Last Updated on 13th December 2017
A Christmas Carol
London Musical Theatre Orchestra
11th December 2017
Seeing this sprawling, grand, majestic musical entertainment again in the once splendid surroundings of Bertie Crewe’s opulently spacious rococo interior (behind Beazley’s proudly neo-classical facade), with the full resources of the LMTO massed on stage, complete with a chorus and a line up of superb soloists, all in evening dress, flanked by a brace of sparkling Christmas trees, and beneath the trademark red banners of this specialist orchestra, in this melodramatic, sentimental story of vice and redemption, it is easy to think that there is rather more of nineteenth century French grande-opera about it than the conventional trappings and concerns of Broadway showbiz. Hearing Alan Menken’s stunning score, given lush and vivid life in Michael Starobin’s gorgeous orchestrations, it is easy to imagine oneself back in the world of Meyerbeer, Gounod and Berlioz, where mighty moral struggles between Good and Evil are slogged out, to the sound of powerful blasts of colour from a symphony orchestra, and vaulting voices tear into our hearts with artful and yet simple melodies, telling a story in which our sympathies are never going to be confused: this is the open and shut case of the miser who finds salvation, through rediscovering the magic of Christmas.
Written to grace the gargantuan space of Madison Square Gardens, where it did service 20 times a week over the holiday season for 10 years running, author Mike Ockrent has axed most of the lengthy narrative passages, replacing them with tauter scenes featuring often largely invented minor characters, who dramatise, rather than merely tell, the path of Scrooge’s crimes and penance. Lynn Ahrens furnishes lyrics that neatly match his intentions, while allowing the figures to attain more aesthetic complexity, if not actual depth. Their business here is to tell a plain story with a strongly articulated ethical message: the single-minded pursuit of money cannot buy true happiness. It is a maxim we like to hear repeated at this time of year – even if what happens in the rest of the year tends to disprove its claims to reliability. And who better to make flesh the central character in this hopeful parable for the stage than the popularly adored Robert Lindsay, whose latter-day irascibility and knowing, Ron Moody-like manipulation of the huge audience, are perfect for Scrooge and the central pleasures in this outing.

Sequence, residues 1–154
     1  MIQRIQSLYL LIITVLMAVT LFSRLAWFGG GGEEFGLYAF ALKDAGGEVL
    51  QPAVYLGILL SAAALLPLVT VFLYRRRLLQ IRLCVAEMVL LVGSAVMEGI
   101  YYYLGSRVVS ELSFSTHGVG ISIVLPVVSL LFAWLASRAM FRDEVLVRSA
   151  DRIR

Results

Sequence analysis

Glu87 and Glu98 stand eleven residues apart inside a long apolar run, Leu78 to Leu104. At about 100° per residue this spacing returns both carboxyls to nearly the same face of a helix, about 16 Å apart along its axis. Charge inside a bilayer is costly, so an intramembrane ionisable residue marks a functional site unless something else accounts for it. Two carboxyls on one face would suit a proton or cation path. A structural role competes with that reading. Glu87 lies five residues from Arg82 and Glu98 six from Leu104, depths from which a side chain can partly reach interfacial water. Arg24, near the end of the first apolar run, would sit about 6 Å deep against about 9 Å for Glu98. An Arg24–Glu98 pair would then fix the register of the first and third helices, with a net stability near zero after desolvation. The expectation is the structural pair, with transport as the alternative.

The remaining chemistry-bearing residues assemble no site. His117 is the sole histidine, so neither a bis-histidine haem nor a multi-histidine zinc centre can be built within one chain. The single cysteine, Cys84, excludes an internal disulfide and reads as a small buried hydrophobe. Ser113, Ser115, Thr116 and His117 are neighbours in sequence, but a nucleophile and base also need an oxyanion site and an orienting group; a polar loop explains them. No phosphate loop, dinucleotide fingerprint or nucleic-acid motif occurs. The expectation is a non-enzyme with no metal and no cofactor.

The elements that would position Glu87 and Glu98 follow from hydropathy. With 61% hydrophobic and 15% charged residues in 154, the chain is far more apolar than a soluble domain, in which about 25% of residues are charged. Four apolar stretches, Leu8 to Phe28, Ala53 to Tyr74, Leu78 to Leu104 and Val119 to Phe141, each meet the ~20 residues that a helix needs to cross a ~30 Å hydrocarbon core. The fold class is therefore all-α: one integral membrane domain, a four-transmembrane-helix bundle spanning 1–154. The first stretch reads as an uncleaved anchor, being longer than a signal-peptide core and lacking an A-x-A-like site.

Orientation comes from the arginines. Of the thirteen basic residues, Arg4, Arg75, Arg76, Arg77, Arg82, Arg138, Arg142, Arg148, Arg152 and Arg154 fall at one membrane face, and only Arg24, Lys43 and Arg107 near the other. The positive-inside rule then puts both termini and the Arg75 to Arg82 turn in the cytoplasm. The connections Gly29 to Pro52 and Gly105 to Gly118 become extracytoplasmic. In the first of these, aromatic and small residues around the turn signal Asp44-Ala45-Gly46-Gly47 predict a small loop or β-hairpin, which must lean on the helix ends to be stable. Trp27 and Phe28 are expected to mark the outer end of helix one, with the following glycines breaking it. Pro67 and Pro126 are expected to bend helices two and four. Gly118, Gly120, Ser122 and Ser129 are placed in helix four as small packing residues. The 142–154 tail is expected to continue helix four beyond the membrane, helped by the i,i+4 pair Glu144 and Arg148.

The LMTO have wisely situated their concert performances of this re-imagining of Dickens’ famous moral fable in a setting that makes the characters not only appear larger than life, but also more vividly and intensely human for their being contrasted so starkly with the deteriorating ambience of a theatre that is getting to look as if it should really be hosting ‘Follies’, immediately prior to its demolition. Glenn Carter gives us a fairly likeable Jacob Marley, and Sophie-Louise Dann – buxom and brassy in shiny royal blue sequins – walks off with her renditions of Mrs Fezziwig and Scrooge’s invented housekeeper, Mrs Mops. Lucie Jones, by constrast, makes an exact foil for her with her three roles: Emily, the Ghost of Christmas Future and a Blind Old Hag. Michael Xavier makes a sympathetic but not saccharine show of Bob Cratchit, with Rebecca Lock his iron-willed spouse. Tobias Ungleson is a clarion-lunged Tiny Tim – no helpless invalid he! And Hugh Maynard is suitably warm and vivacious as the Ghost of Christmas Present. It is down to Gemma Sutton to drag the Everyman anti-hero into Christmas Past, where Aaron Gelkoff captures his lost innocence, and Ivy Pratt the sweetness of his sister Fan. Cameron Potts makes a matinee-idol’ish Young Scrooge and Sylvie Erskine a lovely Grace Smythe. Nicolas Colicos makes up the rest of the podium with his triple threat of Fezziwig, the Beadle and Old Joe. The choir of sixteen get plenty to do and go great guns about doing it, too.
However, it is very much MD Freddie Tapner’s evening. His gleeful enjoyment in welcoming us into this world – in a talk that is perhaps the briefest I have heard him give – is warmly received, but it hardly prepares us for his ability to melt into the tissue of his invention, this incredible band, and to merge with it in its making of utterly splendid music. What a joy to hear it again. And how much longer will it be before this troupe make their way onto the stage at the Albert Hall for the Proms? Not long I should think. Especially when Shaun Kerrison is on hand to manoeuvre everybody around with such deft unobtrusiveness and facility, and Mike Robertson floods the theatre with such dramatic lighting, and Nick Lidster (for Autograph) mixes and projects the sound to such perfection. Another ace roll out from executive producers Clive Chenery and Joanne Benjamin.
Catch them all one more time in this production on Monday 18th December: a perfect warm-up for the real thing the following week.